The name of Mrs. St. George had not been injuriously associated with that of any gentleman up to the hour of her disappearance; but she had been always discontented with her own lot, and very confident in the power of her beauty. At last she resolved to break away from every relationship and connection, to quit the scenes of her past life for ever, and to start afresh on another stage, unincumbered by any ties or duties. Two accounts are given concerning the manner of her departure: in the first it is stated that Catherine was present, with Mr. St. George, at a masquerade in the house of a friend whom they were visiting in London; and that during the course of the evening she walked from the crowded reception rooms, unobserved by her husband, with a mysterious companion, whose name and rank have never transpired, or been surmised. The second version says, that our heroine set forth from home alone, one fine day, without making any explanation, or leaving the vaguest clue behind by which her route or destination could be traced. She had taken all her measures with an extraordinary ingenuity and deliberation; the inmates of Stoke Vicarage watched and waited for her return, but she never came back to them alive. She has not been charged with defrauding Mr. St. George of anything besides herself: she must therefore have started on her enterprise with a very light purse and slender wardrobe. But here occurs a hiatus in her story which her husband’s family have never been able to fill up. It was reported that she frequented places of public amusement, and lived disreputably in London for a time. If this account be correct, she certainly never endured the hardships, or passed through the degrading vicissitudes to which she had rendered herself liable. However, the owner of that reticent mouth and able forehead was no common character among our unhappy sisters, who have “forsaken the guides of their youth, and forgotten the covenant of their God.” She speedily met with a powerful protector, and gained all that she had learned to covet in very early days; but nothing was heard of her at Stoke until the summer of 1752, and to find her again we must travel far away from the great farm, its corn lands and marine marshes; far from Mr. St. George’s parsonage on our eastern coast, to “Verona’s Champain,” as Dante and his faithful Carey have it, to a sick room in an Italian villa. On her deathbed lay the lost wife, and among the terrible bloom and brightness of hectic fever the haunted soul looked out in the anxious intensity of her glowing brown eyes, and mental emotion and physical suffering were indicated by the painful working of her thin nostrils. A young man knelt beside her, listening and watching for every word, symptom, or look. He remained there night and day, with his fingers linked in hers, and on one of them he had placed the only wedding ring which she wore then. His was that fearfully prodigal love which the reverent mind contemplates mournfully, since it is doomed to end in darkness—so idolatrous was his devotion to a human being, so complete and desperate his abandonment to an earthly passion: he had given all indeed—heart and spirit—to the perishing woman before him, and he never counted the cost, or reckoned how large was his venture, until she was taken, and he had made utter shipwreck.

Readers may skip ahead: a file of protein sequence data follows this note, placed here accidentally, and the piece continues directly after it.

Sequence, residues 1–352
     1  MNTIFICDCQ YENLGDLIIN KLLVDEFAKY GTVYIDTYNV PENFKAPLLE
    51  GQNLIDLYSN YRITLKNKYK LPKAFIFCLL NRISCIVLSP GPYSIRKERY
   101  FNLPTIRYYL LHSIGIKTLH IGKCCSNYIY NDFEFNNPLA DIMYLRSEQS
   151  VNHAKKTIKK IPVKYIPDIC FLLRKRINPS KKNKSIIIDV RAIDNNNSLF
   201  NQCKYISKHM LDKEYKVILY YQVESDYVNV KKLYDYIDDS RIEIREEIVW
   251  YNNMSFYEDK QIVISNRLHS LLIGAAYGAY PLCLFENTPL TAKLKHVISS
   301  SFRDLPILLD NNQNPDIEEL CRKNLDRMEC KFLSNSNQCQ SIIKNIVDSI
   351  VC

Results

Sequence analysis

John Viscount Dalrie might have been about twenty-five years of age: he was the heir to an earldom, and his countess-mother descended from the house of “proud Argyle.” Her son was distinguished for personal grace and beauty; he possessed a highly cultivated exquisitely sensitive mind, and the hapless young nobleman proved himself as gravely enduring and courageously faithful as the stoutest and most chivalric knight in the long rolls of his ancestry. He met Mrs. St. George during one of his visits to London; but tradition is silent as to how, or under what circumstances, he made her acquaintance. Her great beauty and charming grace of manner captivated him, and he appears to have accepted, without inquiry, the account which she found it convenient to give of herself. He actually married her, and they went abroad together immediately after the ceremony. It was not at all probable that this friendless, mysterious woman could be graciously received as a daughter by his noble parents, and concealment was everything to Catherine; a prolonged absence from England would give her far better chance of escaping detection, and, without doubt, she urged this plan upon him.

During the next four years they travelled over the greater part of Europe, never remaining long in any place, since Catherine was more restless than even in former days, and she now carried in her own bosom certain fierce pursuers, from whom there is no escape. Lord Dalrie’s confidence in her merit and truth was never clouded by suspicion or doubt; but the increasing delicacy of his dear companion’s health occasioned him great uneasiness. The keeping her guilty secret, the constant watchfulness, anxiety, and relentless self-restraint attendant on the consistent maintenance of the imposture in which she had embarked, were slowly consuming her natural spirits and sapping her strength; during those years of external prosperity she had known little peace, for He whom she had forsaken took his place permanently in her thoughts beside Him whom she had deceived.